homogamous


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ho·mog·a·mous

 (hə-mŏg′ə-məs, hō-)
adj.
Exhibiting homogamy.

ho•mog•a•mous

(hoʊˈmɒg ə məs)

adj.
1.
a. having flowers or florets that do not differ sexually (opposed to heterogamous).
b. having the stamens and pistils maturing simultaneously.
2. pertaining to the interbreeding of individuals with like characteristics.
[1835–45]
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References in periodicals archive ?
Numerous studies at the individual, social psychological level, for example, have documented the influence of homogamy in mate selection and marriage, indicating that religiously homogamous couples have more successful marriages than "mixed couples" and are less apt to divorce (Call and Heaton, 1997; Heaton and Pratt, 1990; Ortega et al.
Between 1971 and 2001, the proportion of educationally homogamous marriages among young Canadian adults (34 and under) rose from 42 per cent to 55 per cent of all marriages.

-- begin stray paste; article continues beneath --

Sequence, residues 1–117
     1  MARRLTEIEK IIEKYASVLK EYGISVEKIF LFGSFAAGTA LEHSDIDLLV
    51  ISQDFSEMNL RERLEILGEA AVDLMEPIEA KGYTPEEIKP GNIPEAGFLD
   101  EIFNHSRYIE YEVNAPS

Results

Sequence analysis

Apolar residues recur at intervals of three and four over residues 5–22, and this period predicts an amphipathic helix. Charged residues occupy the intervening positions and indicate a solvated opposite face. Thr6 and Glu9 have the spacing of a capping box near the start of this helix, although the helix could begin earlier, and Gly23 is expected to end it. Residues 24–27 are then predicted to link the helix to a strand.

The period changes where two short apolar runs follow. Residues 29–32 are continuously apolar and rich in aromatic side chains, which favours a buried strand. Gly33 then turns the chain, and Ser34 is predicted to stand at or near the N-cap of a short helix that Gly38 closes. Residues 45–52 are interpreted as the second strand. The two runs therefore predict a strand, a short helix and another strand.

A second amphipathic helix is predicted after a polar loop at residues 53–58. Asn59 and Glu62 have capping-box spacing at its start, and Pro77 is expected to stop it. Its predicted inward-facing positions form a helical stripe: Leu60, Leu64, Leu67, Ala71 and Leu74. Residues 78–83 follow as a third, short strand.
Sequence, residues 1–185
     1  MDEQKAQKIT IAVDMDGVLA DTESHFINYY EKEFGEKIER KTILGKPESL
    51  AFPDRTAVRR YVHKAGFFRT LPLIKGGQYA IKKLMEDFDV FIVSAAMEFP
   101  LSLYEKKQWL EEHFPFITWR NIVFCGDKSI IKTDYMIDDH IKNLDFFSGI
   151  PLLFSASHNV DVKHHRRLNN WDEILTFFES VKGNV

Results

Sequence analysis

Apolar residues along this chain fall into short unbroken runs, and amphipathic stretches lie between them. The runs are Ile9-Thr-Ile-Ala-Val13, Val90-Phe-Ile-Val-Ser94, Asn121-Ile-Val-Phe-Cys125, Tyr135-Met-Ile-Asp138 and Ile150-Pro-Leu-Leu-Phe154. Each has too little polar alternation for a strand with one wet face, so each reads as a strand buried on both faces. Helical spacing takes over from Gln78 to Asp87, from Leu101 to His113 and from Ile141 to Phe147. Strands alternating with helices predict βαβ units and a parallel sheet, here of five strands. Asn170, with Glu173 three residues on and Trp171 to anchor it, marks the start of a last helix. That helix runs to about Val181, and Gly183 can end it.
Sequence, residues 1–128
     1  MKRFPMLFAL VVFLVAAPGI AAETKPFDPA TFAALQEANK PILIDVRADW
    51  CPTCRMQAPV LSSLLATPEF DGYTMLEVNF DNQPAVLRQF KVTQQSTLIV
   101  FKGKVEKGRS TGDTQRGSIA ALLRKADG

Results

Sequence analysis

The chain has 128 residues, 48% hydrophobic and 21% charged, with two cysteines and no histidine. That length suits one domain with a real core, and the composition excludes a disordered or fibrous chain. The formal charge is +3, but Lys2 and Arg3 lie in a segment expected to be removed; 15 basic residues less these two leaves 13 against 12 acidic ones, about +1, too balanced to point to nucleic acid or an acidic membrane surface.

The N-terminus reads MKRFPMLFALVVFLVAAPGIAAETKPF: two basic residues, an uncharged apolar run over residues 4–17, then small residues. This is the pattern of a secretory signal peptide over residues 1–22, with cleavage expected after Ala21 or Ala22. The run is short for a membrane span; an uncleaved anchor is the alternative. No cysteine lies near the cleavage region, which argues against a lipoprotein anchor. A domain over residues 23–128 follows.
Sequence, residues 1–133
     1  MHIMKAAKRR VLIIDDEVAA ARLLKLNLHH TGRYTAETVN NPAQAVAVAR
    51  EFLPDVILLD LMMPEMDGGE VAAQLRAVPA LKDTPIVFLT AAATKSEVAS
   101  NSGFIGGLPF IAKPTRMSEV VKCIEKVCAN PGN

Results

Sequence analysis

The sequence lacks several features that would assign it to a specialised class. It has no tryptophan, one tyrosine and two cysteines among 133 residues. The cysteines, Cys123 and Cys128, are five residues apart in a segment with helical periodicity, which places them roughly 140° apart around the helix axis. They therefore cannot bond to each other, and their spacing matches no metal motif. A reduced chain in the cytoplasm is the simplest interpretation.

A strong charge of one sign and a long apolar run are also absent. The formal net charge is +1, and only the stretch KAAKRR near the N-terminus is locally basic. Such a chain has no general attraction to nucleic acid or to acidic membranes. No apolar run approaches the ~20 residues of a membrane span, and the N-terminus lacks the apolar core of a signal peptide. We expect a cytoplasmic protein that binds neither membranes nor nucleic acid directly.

From a morphological point of view, two main groups are distinguished within the Guayana-Highland centered genera and relatives: (1) the zygomorphic-flowered genera with epaleate, homogamous capitula of all bilabiate corollas (rarely ligulate by abortion of the inner two corolla lips) and smooth style branches (Table 8), and (2) the actinomorphic-flowered genera with epaleate to paleate, homogamous capitula of all tubular corollas and rugulose to papillose styles beyond the branches bifurcation point.
We considered couples whose age differed by at most two years to be homogamous because 76% of our sample had a partner who was within two years of their age (not shown).
Complexion homogamous marriages among lightskinned blacks resulted in households with higher literacy rates, higher occupational status, and greater wealth.
37) The decline of bundling may have led to less homogamous marrying.
Rather, they may see themselves as homogamous by virtue of similarities of class, educational level, values, and so on.
Capitulescences unilaterally spicate, racemose to paniculate; capitula sessile to pedunculate, homogamous, ligulate, one- to five-flowered; receptacle epaleate; involucre multiseriate.
Shehan and Bock (1990) reported that religiosity does have a positive impact on marital happiness, but only among homogamous Catholics.
Capitulescences monocephalous or paniculate to corymbose, terminal; capitula pedunculate, homogamous or heterogamous, radiate; receptacle epaleate, setose; involucre multiseriate.
Capitulescences monocephalous or loosely to densely corymbose; capitula pedunculate to subsessile, homogamous, discoid; receptacle epaleate; involucre one- to two-seriate.